In the News
Could Michael Jackson’s Life Have Been Saved?
A top doctor weighs in on his death and the abuse of prescription painkillers
-The Betty Editors
The news of Michael Jackson’s death continues to rivet us all as the details unfold. The one question we all want answered is: could his death have been prevented? Betty caught up with Dr. Erika Schwartz, medical director of Cinergy Health and a leading authority on preventative health, to try and find some answers.
Do you think Michael Jackson’s life could have been saved?
Dr. Schwartz: Please note that my answers are based on information I gathered from the media as I had no direct access to Michael Jackson nor did I ever treat him. My answers, as they pertain to the exact situation are purely speculative. With that understanding, I will say that:
1. Not giving Michael adequate CPR would have further decreased his chances of surviving the original insult, and if true that CPR was indeed performed on a bed vs. a hard surface, it would have made it useless.
2. Michael Jackson was on a deadly combination of addictive drugs. Most of them were painkillers: Vicodin, Demerol, Oxycontin. Some were antidepressants and some were sleeping pills. The cocktail was so deadly, no one could have survived it.
3. Since he had been working very hard, both physically and emotionally, rehearsing for his London concert tour the day prior to his death, it is very possible that he was dehydrated and in Ketosis – a state extremely dangerous to any person’s general well-being, even without the addition of drugs.
4. The drugs he was allegedly taking certainly interacted with one another producing respiratory depression, which is the most common side effect of sleeping pills, pain killers and anti-anxiety medications. In addition to the physical stress and Ketosis, respiratory depression would have precipitated cardiac arrest and led to death more quickly.
5. In the long run, the only thing that would have saved his life would have been an intervention that placed him into a detox facility with long-term treatment and supervision. The underlying problem is the danger posed by drugs – both prescription and otherwise – and his addiction to them.
What could have made the difference?
Dr. Schwartz: Being surrounded by people who put his well-being, both physical and mental, before his fame and fortune. The choice to be drug-free, hydrate properly, get enough sleep and practice proper nutrition is ultimately our own. In the long run, he had to be responsible for taking care of himself.
What can other people learn from this tragic experience?
Dr. Schwartz: Non-medical use of drugs is not the answer to ANY problem, and that no matter how much fortune and fame we may have, we are not invincible. Solutions to a longer, healthier life must come from supportive, connected and caring lifestyles and from preventive measures that lessen or eliminate the likelihood of tragedies such as Michael Jackson’s unexpected death.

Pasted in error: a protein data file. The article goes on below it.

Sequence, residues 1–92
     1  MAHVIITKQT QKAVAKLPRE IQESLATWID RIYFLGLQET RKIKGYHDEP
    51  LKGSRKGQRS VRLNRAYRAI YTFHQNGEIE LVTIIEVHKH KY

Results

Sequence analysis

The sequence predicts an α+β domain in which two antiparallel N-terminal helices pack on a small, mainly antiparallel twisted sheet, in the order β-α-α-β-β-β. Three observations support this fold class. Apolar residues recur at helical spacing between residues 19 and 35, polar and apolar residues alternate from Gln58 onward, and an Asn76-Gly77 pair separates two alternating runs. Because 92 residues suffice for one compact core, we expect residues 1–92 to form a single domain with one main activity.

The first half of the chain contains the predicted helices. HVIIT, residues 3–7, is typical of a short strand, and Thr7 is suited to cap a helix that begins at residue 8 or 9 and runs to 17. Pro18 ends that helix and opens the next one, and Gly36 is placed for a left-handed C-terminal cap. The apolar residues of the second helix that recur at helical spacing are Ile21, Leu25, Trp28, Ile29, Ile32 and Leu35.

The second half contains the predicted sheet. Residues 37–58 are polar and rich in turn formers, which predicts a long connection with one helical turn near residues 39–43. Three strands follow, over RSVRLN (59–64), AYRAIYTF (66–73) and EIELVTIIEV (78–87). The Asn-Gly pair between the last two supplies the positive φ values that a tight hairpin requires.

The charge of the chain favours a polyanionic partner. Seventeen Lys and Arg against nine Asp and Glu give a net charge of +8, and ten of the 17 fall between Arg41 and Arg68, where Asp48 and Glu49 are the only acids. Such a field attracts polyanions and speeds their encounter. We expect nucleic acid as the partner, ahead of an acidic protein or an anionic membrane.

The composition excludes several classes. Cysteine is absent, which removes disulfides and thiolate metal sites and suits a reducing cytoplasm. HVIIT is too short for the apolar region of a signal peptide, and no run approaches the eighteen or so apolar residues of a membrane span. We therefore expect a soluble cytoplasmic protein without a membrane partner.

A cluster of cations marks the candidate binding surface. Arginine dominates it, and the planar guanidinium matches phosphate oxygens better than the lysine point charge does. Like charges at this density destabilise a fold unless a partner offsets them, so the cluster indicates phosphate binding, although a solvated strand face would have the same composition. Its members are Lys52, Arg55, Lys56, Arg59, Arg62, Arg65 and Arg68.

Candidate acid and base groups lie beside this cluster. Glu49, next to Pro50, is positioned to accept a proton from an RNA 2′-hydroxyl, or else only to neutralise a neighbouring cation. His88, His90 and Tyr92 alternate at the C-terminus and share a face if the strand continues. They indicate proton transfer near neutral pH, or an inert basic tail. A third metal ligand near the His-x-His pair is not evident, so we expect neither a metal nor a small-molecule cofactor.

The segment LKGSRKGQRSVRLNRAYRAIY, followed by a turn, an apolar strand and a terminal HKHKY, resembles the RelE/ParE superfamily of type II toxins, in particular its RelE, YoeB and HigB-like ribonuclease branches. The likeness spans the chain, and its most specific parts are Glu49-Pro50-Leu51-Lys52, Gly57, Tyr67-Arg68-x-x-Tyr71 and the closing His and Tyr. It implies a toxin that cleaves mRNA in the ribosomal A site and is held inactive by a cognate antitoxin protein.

But there is a problem in America. 5.2 million people over the age of 12 reported using prescription pain medications non-medically in the past month, and men are most likely to use these methods of self-treatment according to the NSDUH (National Survey of Drug Use and Health). According to the NIDA (National Institute of Drug Abuse) approximately 4.7 million Americans used prescription drugs non-medically for the first time in 2002: 2.5 million used pain relievers, 1.2 million used tranquilizers, 761 thousand used stimulants and 225 thousand took sedatives.
Why is use non-medical use of prescription drugs such a problem, and what can be done to prevent it?
Dr. Schwartz: Doctors can intervene or even stop these tragedies from happening but it is up to the patient, at the end of the day, to use medications responsibly and appropriately.
Harm is not often associated with prescription drugs until it is too late. Often, people don’t realize that used outside a doctor’s orders, prescription drugs can be both dangerous and lethal. Physicians must take responsibility to say NO to patients they suspect may be candidates for drug abuse, no matter how much the patient is paying them. In the case of celebrities, physicians are often star struck like everyone else and are afraid to provide objective care as they may lose the celebrity as a client. This needs to change. Quickly.
Dr. Erika Schwartz, MD, based in NYC, is Cinergy Health Medical Director who has cared for more than 100,000 patients over the past 30 years and has written four best-selling books. She also devotes much of her time helping those who don’t have access to healthcare by volunteering and giving free educational seminars and consultations. Dr. Erika’s ultimate goal is to empower people to take their health into their own hands and become responsible for creating better health and better lives for themselves. As one of the nation’s recognized experts in the field of bioidentical hormones and an outspoken advocate for patient’s rights, Dr. Erika Schwartz has testified before Congress and appeared on many popular television and radio programs.